Of course this assumes that voters will preference as suggested by the candidates. Australian evidence suggests they will but I wonder how this will work in a far more regionalist and racial Malaysia. Assume that in the example above the PKR, MCA and independent candidates are all Chinese while the UMNO candidate is not just non-Chinese but someone who has previously been seen as anti Chinese education. How sure can we be that the preferences will flow as suggested? In this case, the PKR candidate may just end up winning. While this is more democratic, it does hint at a possibility whereby coalitions may prefer not to compete against each other. A smaller coalition partner may also slowly be eaten up by the larger one by virtue of getting less first-preference votes (like the Nationals who keep losing to the Liberal Party candidates). BN will simply become UMNO for example.

Finally, what if the voters do not have to tick every box? In Australia (or Queensland anyway) the voters don't have to do tick every box in local council or state elections though they have to in the Federal election. Then, if many just tick 1 and walk away preferences are quickly exhausted and we could end up with a winning candidate getting less than 50% of the 'votes'. Never happened as far as I am aware but a theoretical possibility nevertheless.

With the preferential system, we can address the issue of whether one should vote for the candidate or the party. In this system, voters gets two votes. One for the candidate in the electorate (just like normal) and one for the party. New Zealand practices this system, and Germany another variant. Thus one can vote for a good quality candidate who represents a party one dislikes but still vote for the preferred party as well. Thus, BN supporters of Indian origin in Shah Alam will NOT vote for Zulkifli Noordin but can still vote for MIC (or BN since that is the logo used) for the party vote. If BN gets 75 seats from the party list the 75 members will be chosen from a pre-determined party list.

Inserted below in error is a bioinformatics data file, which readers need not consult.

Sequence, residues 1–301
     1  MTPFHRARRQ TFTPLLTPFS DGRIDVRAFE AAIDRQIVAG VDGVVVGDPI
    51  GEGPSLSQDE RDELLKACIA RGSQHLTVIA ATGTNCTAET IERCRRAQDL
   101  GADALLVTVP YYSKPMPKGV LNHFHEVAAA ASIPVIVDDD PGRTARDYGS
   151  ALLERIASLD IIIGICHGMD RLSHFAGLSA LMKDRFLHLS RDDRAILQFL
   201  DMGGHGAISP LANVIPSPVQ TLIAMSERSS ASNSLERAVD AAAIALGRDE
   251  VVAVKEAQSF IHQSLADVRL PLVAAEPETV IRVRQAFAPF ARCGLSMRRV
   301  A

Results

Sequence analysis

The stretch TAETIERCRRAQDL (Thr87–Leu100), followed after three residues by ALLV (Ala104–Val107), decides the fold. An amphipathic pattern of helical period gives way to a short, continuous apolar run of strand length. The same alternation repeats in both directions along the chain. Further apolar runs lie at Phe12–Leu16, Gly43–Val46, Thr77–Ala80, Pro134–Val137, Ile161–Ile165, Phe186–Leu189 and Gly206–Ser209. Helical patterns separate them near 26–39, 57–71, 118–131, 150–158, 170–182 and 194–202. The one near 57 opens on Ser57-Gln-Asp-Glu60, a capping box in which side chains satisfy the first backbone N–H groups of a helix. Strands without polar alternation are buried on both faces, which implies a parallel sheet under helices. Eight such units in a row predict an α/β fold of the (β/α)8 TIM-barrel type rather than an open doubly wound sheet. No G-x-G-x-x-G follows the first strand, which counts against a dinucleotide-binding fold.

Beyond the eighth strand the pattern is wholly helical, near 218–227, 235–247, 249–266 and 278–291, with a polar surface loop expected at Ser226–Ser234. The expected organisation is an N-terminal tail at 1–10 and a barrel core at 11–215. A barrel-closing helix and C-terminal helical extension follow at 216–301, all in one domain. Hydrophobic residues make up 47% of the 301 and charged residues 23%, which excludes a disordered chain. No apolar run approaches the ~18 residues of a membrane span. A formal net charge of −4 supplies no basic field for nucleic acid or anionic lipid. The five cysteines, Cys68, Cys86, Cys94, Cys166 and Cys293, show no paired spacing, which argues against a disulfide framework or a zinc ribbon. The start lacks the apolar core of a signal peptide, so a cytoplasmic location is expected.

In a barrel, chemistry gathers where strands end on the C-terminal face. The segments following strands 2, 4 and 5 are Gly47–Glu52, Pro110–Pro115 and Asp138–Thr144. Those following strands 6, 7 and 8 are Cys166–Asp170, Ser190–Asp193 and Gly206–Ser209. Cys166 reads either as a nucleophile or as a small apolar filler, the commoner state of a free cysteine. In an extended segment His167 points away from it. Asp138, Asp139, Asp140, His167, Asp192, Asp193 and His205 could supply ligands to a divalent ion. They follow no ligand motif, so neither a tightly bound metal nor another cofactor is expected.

This system is harder to implement because it tends to dilute the power of the major parties-hence such proposals rarely pass parliament. Evidence from NZ shows that neither the Nationals nor the Labour Party have been able to form government without coalition partners since the system was introduced. The threshold for entering parliament on the party list tends to be 5%. This means not only that the marginalised can get seats in parliament (HINDRAF for example probably would get seats) but also that extreme groups could also get in (i.e. PERKASA being extreme for me, and HINDRAF extreme for others). Thus, while the marginalised tend to get a voice, so do the extremists.

So there you go. Two systems that can be considered more democratic than the current one, and worthy of attention. But will it ever come to fruition in Malaysia?


  1. sherzali asli3:44 pm

    i dont think now's the right time for the proportional system. The way i see it is we need to start with the most fundamental issue 1st that desperately needs to be reformed which is by far education. Well-informed ppl are more capable and more inclined to make smarter more practical decisions. introducing such a system now could potentially cause chaos and confusion, not because we're stupid, but because malaysians are generally not yet properly equipped to handle the proportional system. Thats where reforming our education system comes into play. The proportional system can only work in a matured and fully developed system across the board.

  2. sherzali asli6:32 pm

    oh and also ppl's votes are by and large partisan because of lack of awareness. They need to be properly educated first. hence the 1st relevant step would have to be reforming education.

  3. Improving education is a big issue as you say but I must say that even without that a reform to the system will still bring forth enough change for there to be be a more representative outcome. Of course the outcome may polarise the electorate further but if that is the democratic outcome (a la Italy recently) who are we to argue?